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New Knitwear Machines Now Part of the Pattern for Fashion Education at UC


The gift of 40 new Artisan hand-knitting machines, added to the 20 already in place, sets the pattern for advancing fashion education at UC.

Date: 9/29/2013 4:30:00 PM
By: M.B. Reilly
Phone: (513) 556-1824

UC ingot   Knitwear is an important cornerstone for fashion design and fashion product development. After all, all garments that aren’t made of an animal hide are either knitted or woven textiles.

That’s why the gift of 40 new hand-knitting machines to the University of Cincinnati’s College of Design, Architecture, Art, and Planning (DAAP) is so important. The additional machines bring the total number to 60 in terms of hand-knitting machines with ribbers attachments – available to help better prepare UC fashion design and product development students for the complexities of working with and creating knitwear.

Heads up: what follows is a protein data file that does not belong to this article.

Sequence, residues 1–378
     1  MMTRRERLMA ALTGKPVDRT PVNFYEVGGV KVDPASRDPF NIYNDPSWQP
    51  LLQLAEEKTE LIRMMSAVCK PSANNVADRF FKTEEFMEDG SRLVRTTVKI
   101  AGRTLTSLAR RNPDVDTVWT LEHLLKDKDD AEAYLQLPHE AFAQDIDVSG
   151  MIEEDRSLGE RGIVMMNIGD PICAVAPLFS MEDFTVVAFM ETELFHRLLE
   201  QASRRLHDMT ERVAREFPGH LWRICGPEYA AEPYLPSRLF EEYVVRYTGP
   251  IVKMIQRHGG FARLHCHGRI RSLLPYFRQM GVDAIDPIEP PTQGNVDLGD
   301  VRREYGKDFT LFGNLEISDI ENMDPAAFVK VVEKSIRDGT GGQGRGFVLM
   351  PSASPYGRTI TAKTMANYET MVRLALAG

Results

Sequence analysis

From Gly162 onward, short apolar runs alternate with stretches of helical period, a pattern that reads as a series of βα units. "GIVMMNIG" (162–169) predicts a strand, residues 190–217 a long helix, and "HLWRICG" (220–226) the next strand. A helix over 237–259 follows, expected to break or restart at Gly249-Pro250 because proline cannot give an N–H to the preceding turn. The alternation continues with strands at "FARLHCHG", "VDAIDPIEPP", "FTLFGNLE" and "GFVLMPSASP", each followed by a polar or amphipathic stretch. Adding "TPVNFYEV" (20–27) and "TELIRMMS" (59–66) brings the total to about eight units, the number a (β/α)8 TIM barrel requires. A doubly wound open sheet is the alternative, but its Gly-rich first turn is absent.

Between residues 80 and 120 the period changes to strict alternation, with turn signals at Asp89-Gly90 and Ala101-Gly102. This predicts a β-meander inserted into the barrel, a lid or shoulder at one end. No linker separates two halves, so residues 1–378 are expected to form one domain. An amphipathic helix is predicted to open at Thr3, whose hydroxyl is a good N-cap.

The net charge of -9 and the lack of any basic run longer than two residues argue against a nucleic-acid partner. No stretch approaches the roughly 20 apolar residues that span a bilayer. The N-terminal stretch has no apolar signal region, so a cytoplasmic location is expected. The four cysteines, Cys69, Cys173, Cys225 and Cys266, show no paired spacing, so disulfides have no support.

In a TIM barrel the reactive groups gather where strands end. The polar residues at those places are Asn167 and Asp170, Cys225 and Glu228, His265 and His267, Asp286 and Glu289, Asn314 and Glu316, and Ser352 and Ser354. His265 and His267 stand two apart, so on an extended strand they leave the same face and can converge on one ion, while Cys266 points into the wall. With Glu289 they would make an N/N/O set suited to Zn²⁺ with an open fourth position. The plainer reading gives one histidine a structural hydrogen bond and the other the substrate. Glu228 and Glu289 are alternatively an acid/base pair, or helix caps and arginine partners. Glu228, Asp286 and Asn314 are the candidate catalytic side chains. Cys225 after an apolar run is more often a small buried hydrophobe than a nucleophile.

UC students with the new hand-knitting machines.
UC students with the new hand-knitting machines.



According to UC School of Design Director Sooshin Choi, “It is quite spectacular to see 60 students working on knitting machines all at the same time, and the result is the creation of 60 totally different pieces of knitwear. The new tools are leading to advances in and opportunities for greater creativity.”

Jacqueline Burris, associate professor of fashion design, agreed, “The new machines enable us to provide for each student beyond just the basic fundamentals for those wanting to design knitwear. It literally prepares each student to slot directly into a professional knitwear design career.”

She explained that learning to work on a hand-knitting machine is a lengthy process, which would have been hampered if students had been forced to share machines. Said Burris, “If we hadn’t had enough machines so each student had one, a lot of time would have been taken re-hanging knitting on and off machine beds before and after each studio session. This back and forth hanging and re-hanging would have wasted over an hour of studio time each session for every single student.”

The new industry-standard machines come thanks to the Technology Gift Fund established by UC alumni Myron E. (Mike) Ullman III, a 1969 graduate of the Carl H. Lindner College of Business, and his wife Cathy Emmons Ullman, a 1970 DAAP graduate.